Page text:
Thomas Jefferson`s missing books discovered
New York: Dozens of books from former US President Thomas Jefferson`s private library have been discovered nearly 200 years after his heirs sold them off, a daily reported Tuesday.
The author of the Declaration of Independence and the US` third president sold his original book collection to the Library of Congress in Washington, now the world`s largest library. But he then immediately began building a new collection of books to satiate his hunger for reading, and it was the fate of those books that had long interested scholars.
The books had been believed missing after Jefferson`s heirs sold off his so-called retirement library in 1829 to pay off his debts after his death. What happened to the books after that was unclear.
But Endrina Tay, a researcher at Jefferson`s home Monticello, did extensive literary detective work to track 74 books to Washington University in St Louis.
They had been donated to the university`s library by a grandson-in-law of Jefferson and contain markings that the US Founding Father used to identify his books, the university and Monticello said. The books also contain notes made by Jefferson as he read, providing insights into his thoughts.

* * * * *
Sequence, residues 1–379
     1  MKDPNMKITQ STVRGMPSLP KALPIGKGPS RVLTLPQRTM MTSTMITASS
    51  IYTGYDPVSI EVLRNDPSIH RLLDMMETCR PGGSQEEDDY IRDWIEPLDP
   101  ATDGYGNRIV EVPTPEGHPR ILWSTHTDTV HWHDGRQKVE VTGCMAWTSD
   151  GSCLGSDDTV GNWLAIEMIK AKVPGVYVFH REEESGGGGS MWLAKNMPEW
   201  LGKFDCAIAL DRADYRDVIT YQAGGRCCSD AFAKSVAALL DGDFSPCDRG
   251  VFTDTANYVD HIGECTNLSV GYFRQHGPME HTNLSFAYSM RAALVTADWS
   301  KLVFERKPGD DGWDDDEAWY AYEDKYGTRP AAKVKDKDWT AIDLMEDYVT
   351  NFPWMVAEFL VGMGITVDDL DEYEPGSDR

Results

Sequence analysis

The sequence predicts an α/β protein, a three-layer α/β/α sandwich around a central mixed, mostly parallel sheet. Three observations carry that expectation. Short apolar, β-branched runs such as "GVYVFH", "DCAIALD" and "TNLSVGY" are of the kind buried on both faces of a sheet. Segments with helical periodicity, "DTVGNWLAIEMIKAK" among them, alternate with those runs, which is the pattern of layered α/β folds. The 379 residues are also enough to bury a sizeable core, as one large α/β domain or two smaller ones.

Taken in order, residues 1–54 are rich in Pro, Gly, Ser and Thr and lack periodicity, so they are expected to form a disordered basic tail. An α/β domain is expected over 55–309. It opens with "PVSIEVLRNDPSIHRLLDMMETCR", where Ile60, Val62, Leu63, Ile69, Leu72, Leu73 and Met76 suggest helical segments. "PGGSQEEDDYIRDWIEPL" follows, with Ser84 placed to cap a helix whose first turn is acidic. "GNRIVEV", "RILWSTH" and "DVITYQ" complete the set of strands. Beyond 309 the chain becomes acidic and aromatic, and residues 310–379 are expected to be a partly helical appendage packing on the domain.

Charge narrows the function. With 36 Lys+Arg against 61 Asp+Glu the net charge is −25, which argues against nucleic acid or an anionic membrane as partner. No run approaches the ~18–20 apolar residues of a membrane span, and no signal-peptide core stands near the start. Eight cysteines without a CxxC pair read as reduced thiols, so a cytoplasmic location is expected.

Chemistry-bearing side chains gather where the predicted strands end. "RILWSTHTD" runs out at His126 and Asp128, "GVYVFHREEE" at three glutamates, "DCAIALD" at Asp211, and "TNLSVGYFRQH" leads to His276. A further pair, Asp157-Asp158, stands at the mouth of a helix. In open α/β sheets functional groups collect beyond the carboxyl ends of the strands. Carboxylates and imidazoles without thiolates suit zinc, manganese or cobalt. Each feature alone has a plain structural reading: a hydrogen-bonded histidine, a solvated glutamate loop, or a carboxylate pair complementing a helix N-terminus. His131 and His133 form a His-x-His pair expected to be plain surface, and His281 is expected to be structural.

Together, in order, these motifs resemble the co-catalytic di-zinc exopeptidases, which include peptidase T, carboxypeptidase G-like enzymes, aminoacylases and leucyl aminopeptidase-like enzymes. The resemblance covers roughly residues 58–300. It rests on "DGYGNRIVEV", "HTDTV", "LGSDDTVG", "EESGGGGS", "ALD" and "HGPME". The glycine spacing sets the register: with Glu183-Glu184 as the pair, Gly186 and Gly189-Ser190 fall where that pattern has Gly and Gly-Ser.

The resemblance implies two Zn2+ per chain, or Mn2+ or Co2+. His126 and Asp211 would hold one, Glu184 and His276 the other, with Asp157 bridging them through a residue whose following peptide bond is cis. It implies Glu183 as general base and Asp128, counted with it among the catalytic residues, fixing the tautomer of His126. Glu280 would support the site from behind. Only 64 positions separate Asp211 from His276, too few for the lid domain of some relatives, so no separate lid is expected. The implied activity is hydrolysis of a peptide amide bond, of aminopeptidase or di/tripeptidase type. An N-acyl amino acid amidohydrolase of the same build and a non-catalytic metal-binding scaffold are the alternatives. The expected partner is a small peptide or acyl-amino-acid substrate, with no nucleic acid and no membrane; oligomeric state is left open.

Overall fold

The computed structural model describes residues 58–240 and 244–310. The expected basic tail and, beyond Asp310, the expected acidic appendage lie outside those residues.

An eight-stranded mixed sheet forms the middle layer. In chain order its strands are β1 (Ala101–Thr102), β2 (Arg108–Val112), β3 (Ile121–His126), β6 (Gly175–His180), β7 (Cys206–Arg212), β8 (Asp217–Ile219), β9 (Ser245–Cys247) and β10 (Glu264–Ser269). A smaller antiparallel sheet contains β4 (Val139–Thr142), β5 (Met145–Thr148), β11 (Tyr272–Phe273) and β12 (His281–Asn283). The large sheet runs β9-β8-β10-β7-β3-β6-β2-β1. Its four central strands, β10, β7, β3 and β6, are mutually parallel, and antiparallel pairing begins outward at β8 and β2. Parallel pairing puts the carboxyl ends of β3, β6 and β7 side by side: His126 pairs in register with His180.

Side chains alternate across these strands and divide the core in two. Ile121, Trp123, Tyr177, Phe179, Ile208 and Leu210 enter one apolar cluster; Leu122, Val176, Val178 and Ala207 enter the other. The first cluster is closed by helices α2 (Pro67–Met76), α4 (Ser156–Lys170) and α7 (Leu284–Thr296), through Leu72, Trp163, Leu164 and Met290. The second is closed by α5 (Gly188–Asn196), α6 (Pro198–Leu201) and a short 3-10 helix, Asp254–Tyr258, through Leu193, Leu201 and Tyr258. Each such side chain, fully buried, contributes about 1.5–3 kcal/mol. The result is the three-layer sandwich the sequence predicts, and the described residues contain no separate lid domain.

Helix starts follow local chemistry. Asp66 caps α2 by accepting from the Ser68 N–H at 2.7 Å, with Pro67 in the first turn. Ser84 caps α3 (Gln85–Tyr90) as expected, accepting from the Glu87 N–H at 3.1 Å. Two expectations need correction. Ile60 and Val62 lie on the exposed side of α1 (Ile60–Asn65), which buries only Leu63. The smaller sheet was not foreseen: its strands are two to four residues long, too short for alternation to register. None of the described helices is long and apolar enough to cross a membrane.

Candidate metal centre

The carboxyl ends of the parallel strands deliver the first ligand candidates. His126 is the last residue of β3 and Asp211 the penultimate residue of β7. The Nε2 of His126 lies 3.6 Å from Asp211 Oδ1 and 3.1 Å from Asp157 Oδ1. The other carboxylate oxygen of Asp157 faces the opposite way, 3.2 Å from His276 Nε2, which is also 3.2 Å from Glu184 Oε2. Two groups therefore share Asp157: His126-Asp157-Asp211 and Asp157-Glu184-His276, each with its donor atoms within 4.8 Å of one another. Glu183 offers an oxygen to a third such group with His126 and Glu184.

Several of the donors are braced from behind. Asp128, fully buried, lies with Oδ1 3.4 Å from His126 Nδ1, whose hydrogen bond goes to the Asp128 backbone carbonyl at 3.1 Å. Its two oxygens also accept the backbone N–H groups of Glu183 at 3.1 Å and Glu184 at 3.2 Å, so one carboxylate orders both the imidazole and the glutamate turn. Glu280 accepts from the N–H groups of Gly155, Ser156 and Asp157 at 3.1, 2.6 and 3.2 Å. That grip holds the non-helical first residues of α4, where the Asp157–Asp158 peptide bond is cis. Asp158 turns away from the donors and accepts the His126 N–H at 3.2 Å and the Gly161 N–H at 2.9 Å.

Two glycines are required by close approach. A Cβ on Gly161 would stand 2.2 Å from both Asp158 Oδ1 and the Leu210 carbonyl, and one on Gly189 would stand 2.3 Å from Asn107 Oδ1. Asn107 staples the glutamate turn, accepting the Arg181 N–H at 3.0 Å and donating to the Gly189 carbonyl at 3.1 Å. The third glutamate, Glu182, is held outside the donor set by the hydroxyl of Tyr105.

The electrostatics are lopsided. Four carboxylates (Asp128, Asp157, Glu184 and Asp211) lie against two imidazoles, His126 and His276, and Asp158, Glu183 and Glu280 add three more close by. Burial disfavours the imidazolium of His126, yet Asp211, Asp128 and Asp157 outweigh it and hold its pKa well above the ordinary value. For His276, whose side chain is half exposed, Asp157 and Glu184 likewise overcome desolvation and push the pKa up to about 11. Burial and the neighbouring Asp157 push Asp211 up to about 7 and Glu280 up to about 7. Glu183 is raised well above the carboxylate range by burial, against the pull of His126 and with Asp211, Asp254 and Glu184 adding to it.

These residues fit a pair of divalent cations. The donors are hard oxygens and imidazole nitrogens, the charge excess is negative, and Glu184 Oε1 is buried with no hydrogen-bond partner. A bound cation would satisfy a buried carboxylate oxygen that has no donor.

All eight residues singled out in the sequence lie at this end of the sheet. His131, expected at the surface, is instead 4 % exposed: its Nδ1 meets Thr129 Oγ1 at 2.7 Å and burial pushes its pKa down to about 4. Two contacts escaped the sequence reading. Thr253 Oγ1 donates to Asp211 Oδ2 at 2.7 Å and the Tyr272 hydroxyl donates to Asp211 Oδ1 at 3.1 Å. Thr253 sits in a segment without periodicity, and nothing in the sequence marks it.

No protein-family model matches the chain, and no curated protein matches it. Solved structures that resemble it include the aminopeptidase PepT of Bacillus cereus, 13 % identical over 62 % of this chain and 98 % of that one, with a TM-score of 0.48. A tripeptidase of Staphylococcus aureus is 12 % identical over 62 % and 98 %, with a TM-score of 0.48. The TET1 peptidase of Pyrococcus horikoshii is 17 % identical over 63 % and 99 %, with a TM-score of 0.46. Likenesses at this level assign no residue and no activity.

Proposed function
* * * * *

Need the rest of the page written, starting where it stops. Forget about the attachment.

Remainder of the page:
"Our discovery provides an amazing and intimate look into Jefferson`s world, said Leslie Greene Bowman, president of Monticello and the Thomas Jefferson Foundation. "To find his handwritten notations is like peering over Jeffersons shoulder to see his mind at work."
The find makes the university`s collection, the third largest holder of Jefferson`s books, behind the Library of Congress and the University of Virginia, which Jefferson started.